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Magnesium

Magnesium

Magnesium affects all systems of the body

The largest amount (50-65%) of magnesium in the body is found in the bones. Only around 1% occurs outside cells. Magnesium is one of the most important minerals and is essential for good health. It helps maintain normal muscle and nerve function. It activates several enzymes, especially those for energy production, keeps bones strong and supports a healthy immune system

Experts have determined that the Nutrient Reference Value (NRV) of magnesium for adults is 375 mg. The amount of an element as important as magnesium is carefully regulated by the body. If our cells begin to lack magnesium, the body replaces it from its own stores ?from the bones and the liver. If the balance of magnesium is negative, the following general signs of deficiency quickly become apparent: constipation, loss of appetite, feeling unwell, fatigue, low energy, muscle spasms, pins and needles, irritability, sleep disorders, headaches, poor concentration and psychological changes.

Most people are unaware of the role and importance of magnesium in the functioning of the human organism. Healthy bones require adequate levels of calcium alongside both vitamin D and magnesium.

Without magnesium, neither vitamin D nor calcium can be used by the body effectivelly, as this powerful mineral converts these nutrients into usable forms. What it does is it works as an enzymatic cofactor to incorporate calcium and other necessary vitamins and minerals into our bones. Magnesium is also responsible for activating a special hormone that pulls calcium from the blood and soft tissues, and incorporates it directly into bones.

The breakdown of old bone cells and build-up of new ones is very much dependent upon magnesium. Osteoblasts, which facilitate the synthesis and mineralization of bone tissue, as well as osteoclasts, which allow for the continuous breakdown and rebuilding of the bones, both require adequate amounts of magnesium in order to function.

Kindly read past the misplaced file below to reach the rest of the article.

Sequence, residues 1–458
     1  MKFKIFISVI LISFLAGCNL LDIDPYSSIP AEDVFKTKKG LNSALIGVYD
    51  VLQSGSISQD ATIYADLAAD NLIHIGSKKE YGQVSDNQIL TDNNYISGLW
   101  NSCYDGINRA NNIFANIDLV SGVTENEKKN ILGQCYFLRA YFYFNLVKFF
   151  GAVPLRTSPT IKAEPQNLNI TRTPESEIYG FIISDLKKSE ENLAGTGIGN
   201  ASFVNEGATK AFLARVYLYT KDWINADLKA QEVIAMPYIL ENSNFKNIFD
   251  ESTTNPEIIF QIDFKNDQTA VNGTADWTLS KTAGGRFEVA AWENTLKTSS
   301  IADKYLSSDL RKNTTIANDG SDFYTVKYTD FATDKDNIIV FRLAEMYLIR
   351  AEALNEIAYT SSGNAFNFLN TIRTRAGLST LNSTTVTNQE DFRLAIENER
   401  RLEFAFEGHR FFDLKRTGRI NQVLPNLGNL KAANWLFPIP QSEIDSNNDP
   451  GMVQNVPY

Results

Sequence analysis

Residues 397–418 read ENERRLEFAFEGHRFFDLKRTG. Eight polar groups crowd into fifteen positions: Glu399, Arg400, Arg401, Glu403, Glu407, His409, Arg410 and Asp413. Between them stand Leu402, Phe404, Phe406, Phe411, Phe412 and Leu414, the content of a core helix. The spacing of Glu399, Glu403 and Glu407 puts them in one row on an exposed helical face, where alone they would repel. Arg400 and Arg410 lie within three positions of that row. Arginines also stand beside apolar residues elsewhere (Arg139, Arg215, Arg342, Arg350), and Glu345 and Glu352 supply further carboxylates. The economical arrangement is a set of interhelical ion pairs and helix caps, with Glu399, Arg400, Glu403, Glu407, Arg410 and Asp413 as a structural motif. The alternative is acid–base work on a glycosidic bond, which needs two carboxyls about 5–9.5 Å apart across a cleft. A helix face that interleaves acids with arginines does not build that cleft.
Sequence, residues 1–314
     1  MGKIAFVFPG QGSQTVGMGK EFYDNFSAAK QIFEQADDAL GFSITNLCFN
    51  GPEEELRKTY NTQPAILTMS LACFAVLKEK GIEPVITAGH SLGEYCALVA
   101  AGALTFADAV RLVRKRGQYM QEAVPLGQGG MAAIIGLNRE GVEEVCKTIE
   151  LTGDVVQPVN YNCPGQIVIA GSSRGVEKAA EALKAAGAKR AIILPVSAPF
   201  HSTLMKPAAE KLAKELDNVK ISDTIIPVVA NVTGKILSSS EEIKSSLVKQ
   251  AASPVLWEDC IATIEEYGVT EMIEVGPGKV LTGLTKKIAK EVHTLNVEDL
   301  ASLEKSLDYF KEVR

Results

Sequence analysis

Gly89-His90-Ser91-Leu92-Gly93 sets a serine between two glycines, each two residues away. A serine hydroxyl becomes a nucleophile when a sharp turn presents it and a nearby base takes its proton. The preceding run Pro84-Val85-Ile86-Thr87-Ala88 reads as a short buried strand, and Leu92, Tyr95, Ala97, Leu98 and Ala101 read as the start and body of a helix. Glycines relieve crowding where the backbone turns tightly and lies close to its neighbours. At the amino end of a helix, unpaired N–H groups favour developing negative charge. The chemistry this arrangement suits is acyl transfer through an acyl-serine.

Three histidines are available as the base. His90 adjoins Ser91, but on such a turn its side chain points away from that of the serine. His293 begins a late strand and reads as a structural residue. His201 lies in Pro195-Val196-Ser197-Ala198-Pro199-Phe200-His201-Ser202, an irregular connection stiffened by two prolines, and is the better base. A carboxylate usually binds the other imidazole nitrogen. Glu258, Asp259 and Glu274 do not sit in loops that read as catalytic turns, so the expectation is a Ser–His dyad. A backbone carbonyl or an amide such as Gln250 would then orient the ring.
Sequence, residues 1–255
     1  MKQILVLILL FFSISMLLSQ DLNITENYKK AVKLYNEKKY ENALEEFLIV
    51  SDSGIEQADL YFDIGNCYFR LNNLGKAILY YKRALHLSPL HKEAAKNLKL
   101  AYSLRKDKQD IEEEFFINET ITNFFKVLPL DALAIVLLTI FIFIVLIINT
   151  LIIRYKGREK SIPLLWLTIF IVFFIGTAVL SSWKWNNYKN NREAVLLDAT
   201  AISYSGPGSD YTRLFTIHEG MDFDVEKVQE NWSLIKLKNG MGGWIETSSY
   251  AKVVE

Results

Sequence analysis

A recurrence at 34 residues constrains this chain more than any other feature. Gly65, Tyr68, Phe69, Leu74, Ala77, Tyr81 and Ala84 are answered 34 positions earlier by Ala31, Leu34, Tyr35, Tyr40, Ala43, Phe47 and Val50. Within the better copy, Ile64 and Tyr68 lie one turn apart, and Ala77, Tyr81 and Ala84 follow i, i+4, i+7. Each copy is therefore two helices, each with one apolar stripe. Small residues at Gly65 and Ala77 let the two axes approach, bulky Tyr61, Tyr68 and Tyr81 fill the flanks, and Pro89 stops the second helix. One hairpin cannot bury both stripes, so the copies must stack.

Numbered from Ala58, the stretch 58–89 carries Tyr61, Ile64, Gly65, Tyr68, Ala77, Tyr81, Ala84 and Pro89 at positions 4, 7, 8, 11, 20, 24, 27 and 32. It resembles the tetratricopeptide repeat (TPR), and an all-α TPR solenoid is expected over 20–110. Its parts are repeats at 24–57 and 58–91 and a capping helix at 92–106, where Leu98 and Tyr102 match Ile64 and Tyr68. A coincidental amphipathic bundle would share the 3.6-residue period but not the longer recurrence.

As far as vitamin D is concerned, magnesium is absolutely essential for converting vitamin D3 -the form of vitamin D contained in lactical, into usable form. Taking just vitamin D3 alone may not be enough to unlock its bone-building potential, and could end up leading to falsely believe you are benefiting from supplementation.

How much magnesium do you need?

Intake recommendations -Recommended Dietary Allowances for magnesium and other nutrients are provided in the Dietary Reference Intakes (DRIs) developed by the Food and Nutrition Board (FNB) at the Institute of Medicine of the National Academies. DRI is the general term for a set of reference values used to plan and assess nutrient intakes of healthy people. These values, which vary by age and sex, include:

Age Male Female Pregnacy Lactation
Birth to 6 months 30 mg* 30 mg*    
7?12 months 75 mg* 75 mg*    
1?3 years 80 mg 80 mg    
4?8 years 130 mg 130 mg    
9?13 years 240 mg 240 mg    
14?18 years 410 mg 360 mg  400mg 360 mg
19?30 years 400 mg 30 mg 350 mg 310 mg
31?50 year 420 mg 30 mg 360 mg 320 mg
51+ years 420 mg 30 mg    
*Adequate Intake (AI)        
Source: Food and Nutrition Board, 2015        


What are the sources of Magnesium?

Magnesium is found in many foods but in relatively small amounts. Good sources of magnesium are Green vegetables (spinach, kale, broccoli and avocado), legumes (beans and peas), whole grain products, nuts, seeds, fish (halibut, tuna) and fruit (bananas and dried apricots).Generally, green, leafy vegetables as well as grains and nuts have a higher Mg content than meat and dairy products. The following table shows you which foods are good sources of magnesium.

Food Magnesium (mg)
Cocoa, dry powder, unsweetened (100g) 499
Almonds, dry roasted (100g) 285
Cashews, dry roasted (100g) 264
Spinach, boiled (1 cup) 156
Soymilk, plain or vanilla (1 cup) 61
Milk (1 cup) 25
Yogurt, plain, low fat (100g) 19
Bread, whole wheat (2 slices) 46
Rice, brown, cooked (1/2 cup) 42
Black beans, cooked (1/2 cup 60
Kidney beans, canned (1/2 cup) 35
Raisins (1 cup) 46
Banana (1 medium) 32
Apple (1 medium) 9
Carrot, raw (1 medium) 7
Source: USDA Nutrient Database, 2014